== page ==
5. “Nothing Compares 2 U” (The Family, 1985; Sinead O’Connor, 1990, Prince & Rosie Gaines, 1993)

Of course, we know that Prince wrote songs for other artists, often under assumed names — “Manic Monday” and “Sugar Walls” come to mind — but the most successful Prince cover turns out to be “Nothing Compares 2 U.” That one became such a big hit that Prince himself recorded a live duet version in 1993.

Prince’s Paisley Park protege The Family recorded the first version in 1985, and Irish singer and professional sourpuss Sinead O’Connor took her version to #1 for four weeks half a decade later. “Nothing Compares 2 U” is a heartbreaking song with simple lyrics and a haunting melody, and it’s easy to see why record buyers loved it and made it a hit.

4. Little Red Corvette (1982)

“Little Red Corvette” was the first Prince song that I remember distinctly hearing on the radio as a kid. The song’s sly wordplay got the message across without sounding overtly sexual — in fact, I understood it at age nine as a straightfoward love song while the metaphors went right over my head.


The song was Prince’s first hit to perform better on the Hot 100 than on the R&B charts. It’s clearly far more of a pop-rock record than an R&B tune, and it helped establish Prince as a crossover sensation. That guitar solo still sounds incredible today.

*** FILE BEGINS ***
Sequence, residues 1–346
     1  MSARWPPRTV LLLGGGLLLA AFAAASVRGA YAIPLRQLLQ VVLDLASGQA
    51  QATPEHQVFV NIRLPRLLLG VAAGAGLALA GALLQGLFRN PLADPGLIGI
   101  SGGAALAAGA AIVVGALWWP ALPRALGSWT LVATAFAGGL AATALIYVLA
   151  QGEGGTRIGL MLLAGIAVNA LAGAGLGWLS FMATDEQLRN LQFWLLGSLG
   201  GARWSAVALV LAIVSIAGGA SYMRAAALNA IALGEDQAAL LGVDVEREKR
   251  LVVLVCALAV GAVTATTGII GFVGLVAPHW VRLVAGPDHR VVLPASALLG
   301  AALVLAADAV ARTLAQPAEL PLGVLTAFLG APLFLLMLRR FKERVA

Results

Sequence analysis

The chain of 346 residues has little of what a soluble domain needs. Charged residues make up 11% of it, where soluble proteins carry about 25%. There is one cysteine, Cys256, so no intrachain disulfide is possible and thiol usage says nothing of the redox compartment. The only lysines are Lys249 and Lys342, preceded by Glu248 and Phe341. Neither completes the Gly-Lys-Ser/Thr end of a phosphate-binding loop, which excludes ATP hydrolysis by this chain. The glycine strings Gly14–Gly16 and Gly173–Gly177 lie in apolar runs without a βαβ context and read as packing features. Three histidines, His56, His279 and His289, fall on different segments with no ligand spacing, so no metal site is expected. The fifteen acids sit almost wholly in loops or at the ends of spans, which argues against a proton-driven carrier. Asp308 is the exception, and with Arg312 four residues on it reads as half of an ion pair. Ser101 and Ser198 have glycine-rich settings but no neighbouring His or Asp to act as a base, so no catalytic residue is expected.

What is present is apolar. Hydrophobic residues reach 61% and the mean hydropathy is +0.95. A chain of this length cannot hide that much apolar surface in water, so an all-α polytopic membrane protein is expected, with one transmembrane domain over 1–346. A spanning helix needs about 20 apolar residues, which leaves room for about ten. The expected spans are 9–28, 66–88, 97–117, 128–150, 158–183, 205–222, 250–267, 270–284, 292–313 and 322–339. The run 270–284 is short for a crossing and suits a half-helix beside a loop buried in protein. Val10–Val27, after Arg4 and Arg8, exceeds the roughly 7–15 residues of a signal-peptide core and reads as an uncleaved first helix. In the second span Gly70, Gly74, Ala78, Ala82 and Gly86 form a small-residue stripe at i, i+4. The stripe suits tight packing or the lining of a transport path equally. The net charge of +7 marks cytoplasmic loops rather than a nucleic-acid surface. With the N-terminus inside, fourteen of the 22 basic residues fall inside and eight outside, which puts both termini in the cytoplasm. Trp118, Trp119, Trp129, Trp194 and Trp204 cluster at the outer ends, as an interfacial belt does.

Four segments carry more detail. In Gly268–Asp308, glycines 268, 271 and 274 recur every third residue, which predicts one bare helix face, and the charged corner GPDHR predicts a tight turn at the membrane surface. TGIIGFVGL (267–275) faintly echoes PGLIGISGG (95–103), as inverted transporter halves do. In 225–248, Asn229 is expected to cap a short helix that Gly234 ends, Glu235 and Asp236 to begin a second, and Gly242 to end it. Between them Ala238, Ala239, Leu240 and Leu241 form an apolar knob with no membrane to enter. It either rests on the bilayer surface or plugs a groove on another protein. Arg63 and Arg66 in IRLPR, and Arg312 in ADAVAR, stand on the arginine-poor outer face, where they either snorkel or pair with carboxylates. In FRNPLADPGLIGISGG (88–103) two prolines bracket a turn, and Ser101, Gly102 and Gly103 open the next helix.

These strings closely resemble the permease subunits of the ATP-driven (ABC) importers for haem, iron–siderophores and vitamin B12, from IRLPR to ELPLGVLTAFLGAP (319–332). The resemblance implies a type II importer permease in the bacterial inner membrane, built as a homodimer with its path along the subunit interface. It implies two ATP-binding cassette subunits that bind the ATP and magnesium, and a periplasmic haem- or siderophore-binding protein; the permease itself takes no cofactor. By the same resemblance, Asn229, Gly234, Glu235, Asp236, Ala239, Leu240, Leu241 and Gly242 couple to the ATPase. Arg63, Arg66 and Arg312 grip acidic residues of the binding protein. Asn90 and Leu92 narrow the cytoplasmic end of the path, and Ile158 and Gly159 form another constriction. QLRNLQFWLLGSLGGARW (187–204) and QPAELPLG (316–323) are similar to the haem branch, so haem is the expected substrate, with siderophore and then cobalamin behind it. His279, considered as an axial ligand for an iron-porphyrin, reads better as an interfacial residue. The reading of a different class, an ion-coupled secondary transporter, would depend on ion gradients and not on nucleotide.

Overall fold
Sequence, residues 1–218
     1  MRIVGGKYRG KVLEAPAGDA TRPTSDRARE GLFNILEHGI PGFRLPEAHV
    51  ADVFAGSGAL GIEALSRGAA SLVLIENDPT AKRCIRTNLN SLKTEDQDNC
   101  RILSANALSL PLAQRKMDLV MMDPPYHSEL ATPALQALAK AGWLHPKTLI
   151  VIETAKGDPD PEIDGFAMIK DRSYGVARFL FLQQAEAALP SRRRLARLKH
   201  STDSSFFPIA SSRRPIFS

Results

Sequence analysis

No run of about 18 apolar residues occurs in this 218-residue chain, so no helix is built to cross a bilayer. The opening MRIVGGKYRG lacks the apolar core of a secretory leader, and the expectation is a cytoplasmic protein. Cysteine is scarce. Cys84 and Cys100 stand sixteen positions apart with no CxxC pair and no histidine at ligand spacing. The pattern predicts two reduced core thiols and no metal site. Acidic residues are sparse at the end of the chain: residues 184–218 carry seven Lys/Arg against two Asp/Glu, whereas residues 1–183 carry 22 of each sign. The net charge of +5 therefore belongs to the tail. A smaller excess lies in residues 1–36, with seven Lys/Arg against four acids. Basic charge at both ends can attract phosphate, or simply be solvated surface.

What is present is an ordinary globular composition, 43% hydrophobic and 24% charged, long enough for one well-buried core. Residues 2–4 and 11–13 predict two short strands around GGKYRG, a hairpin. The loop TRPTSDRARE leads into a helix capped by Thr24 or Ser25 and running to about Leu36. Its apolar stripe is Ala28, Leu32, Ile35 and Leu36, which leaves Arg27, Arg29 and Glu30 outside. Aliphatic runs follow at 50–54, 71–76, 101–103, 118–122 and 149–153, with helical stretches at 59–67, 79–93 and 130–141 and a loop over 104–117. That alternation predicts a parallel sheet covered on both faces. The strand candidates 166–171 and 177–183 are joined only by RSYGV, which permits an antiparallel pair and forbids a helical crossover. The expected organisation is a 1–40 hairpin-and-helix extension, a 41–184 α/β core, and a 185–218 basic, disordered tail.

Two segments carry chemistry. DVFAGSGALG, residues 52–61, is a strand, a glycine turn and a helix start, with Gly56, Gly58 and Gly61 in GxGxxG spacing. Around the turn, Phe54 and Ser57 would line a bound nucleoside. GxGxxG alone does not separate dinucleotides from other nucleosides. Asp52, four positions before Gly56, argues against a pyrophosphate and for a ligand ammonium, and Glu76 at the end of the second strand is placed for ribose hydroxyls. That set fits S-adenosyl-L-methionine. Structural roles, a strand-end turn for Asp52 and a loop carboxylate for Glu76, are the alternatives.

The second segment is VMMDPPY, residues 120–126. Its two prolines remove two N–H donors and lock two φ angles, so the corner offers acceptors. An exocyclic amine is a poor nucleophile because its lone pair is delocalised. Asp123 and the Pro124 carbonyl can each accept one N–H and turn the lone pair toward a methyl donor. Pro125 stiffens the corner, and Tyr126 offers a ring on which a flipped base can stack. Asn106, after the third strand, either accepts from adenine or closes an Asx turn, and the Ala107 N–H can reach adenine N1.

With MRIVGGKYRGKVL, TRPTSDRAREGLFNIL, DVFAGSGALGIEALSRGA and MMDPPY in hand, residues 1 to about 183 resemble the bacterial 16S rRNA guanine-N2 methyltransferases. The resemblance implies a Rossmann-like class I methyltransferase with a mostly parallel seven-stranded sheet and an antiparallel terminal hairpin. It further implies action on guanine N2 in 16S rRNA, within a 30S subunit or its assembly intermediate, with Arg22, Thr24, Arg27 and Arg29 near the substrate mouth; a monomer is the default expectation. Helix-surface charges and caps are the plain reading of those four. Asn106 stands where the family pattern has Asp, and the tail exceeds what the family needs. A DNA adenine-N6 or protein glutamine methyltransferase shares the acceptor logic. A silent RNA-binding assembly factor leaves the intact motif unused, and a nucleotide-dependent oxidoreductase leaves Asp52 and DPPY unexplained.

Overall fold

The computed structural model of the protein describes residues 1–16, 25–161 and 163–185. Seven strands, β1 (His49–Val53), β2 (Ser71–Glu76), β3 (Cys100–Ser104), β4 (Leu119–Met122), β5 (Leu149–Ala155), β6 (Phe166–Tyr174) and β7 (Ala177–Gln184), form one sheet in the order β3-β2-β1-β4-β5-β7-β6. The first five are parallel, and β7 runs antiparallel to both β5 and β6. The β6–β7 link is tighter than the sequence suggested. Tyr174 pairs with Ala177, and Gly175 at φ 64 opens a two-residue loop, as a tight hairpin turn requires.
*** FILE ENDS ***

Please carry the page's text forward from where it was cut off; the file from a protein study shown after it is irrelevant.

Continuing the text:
3. Raspberry Beret (1985)

With the album Around the World in a Day, Prince departed from his usual stew of funk and rock to take on psychedelic textures. The critics didn’t take too kindly to the musical diversion, but Prince did claim that funk master George Clinton expressed his love for the album.

The first single, “Raspberry Beret,” tells the story of a teenage boy’s “first time.” Its wistful remembrance and pastoral imagery fit well with the sweet ’60s vibe to create one of Prince’s most unusual and surprising hits.

2. When Doves Cry (1984)

Clocking in at nearly six minutes of glorious funk-rock, “When Doves Cry” was Prince’s biggest hit and the one that nearly everyone remembers most. Prince wrote the song for the Purple Rain film at the director’s behest, and the lyrics tie in with the film’s sequence of issues among lovers and between parents and children.

Prince even directed the video himself, and it was a staple on the local Atlanta music video channel at the time. (We didn’t have cable growing up, since we lived in a rural area in the pre-DirecTV days, so the only way I could watch MTV was to sneak a peek at my grandparents’ house.)


1. Purple Rain (1984)

“Purple Rain” is the final cut on the soundtrack to the eponymous film, and it’s a stunner. Prince takes all his influences — pop, rock, soul, and gospel — and rolls them into one epic power ballad. Everything comes together in just the right way here, but the whole song is greater than the sum of its parts. Sure, Prince had bigger hits — though #2 is nothing to sneeze at — but none of them satisfy quite like this one (and the full version is even better than the radio edit).

What are your favorites? Feel free to share in the comments section below.